Masses on Radar
Words like radio waves, bouncing off the spectres of mortality, middle age, and the mundane.
Arriving at middle age was a decisive experience for David O’Meara, standing equidistant to the past and future with its accompanying doubts and anticipations, inviting re-evaluation of past goals, confronting personal loss, and the death of his father and friends. These are the masses on radar, indistinct but detectable existential presences encroaching, and in the center of the radar is the lyric 'I' sweeping its adjacent experience. Poems like "I Carry a Mouse to the Park Beside the Highway," "I Keep One Eye Open and One Eye Closed," and "I Sleep as the Volcano Ash Falls like Snow,” usher the reader through thematic corridors of memory, fracture, and recovery. Embracing uncertainty and incorporating seasonal forecasts, humour, trivia, satire, politics, the environment, loss, and the mundane, these poems are a detection system signaling a paradox of meanings.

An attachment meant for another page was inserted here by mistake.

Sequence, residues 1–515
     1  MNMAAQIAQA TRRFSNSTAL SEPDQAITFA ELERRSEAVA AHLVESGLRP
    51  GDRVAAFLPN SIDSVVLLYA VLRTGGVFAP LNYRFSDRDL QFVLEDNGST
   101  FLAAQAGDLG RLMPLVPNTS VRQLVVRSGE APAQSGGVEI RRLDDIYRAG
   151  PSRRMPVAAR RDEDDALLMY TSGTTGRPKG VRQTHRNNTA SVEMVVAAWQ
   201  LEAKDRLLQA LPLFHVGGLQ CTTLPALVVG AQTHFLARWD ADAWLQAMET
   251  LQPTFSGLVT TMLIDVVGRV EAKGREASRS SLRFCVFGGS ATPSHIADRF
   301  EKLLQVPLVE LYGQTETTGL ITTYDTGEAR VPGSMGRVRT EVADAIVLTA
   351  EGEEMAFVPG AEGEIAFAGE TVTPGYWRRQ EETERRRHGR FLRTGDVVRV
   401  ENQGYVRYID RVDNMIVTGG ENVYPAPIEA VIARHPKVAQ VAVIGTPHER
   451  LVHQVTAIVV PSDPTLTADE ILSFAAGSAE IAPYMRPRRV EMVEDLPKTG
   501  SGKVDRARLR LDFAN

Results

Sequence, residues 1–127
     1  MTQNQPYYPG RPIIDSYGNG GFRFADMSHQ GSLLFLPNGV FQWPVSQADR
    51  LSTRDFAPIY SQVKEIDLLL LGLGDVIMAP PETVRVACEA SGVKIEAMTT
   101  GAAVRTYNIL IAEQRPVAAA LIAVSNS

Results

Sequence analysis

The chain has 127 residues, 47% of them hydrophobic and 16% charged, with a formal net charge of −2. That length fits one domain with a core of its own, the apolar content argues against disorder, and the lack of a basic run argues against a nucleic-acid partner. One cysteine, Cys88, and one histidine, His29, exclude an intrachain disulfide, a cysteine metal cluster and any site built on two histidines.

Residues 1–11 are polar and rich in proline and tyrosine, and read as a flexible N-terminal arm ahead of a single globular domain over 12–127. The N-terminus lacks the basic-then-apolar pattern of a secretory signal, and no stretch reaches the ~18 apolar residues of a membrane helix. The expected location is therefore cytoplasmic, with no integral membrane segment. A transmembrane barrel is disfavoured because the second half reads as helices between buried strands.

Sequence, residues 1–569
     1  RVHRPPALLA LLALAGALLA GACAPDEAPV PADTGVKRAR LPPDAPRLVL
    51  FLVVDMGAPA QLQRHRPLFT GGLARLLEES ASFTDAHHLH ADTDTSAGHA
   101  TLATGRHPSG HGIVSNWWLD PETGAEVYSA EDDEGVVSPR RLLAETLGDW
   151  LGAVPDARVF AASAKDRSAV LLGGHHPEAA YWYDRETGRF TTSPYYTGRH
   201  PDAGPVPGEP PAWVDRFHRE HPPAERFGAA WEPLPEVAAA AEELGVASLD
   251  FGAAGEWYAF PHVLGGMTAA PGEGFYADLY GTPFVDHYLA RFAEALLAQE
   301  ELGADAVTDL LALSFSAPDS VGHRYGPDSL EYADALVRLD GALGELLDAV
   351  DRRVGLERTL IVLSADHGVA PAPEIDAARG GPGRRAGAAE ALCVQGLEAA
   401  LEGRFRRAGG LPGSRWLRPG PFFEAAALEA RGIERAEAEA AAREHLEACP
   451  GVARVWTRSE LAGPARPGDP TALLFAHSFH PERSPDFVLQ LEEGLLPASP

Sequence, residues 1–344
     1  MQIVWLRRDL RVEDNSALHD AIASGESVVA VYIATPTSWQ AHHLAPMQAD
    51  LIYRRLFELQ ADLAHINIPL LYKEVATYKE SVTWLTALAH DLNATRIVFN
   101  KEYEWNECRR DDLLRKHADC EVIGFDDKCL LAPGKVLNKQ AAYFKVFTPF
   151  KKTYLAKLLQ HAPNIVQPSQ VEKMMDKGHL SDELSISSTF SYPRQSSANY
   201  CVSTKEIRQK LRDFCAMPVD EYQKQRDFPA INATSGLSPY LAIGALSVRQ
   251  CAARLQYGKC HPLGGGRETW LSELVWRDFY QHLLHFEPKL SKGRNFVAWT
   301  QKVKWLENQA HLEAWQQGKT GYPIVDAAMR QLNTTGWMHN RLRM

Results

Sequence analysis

"O’Meara writes on his immediate, blending the external with more philosophical concerns, composing a lyric that seeks an order through the chaos and noise, seeking solace in putting each possibility into its place. " —rob mclennan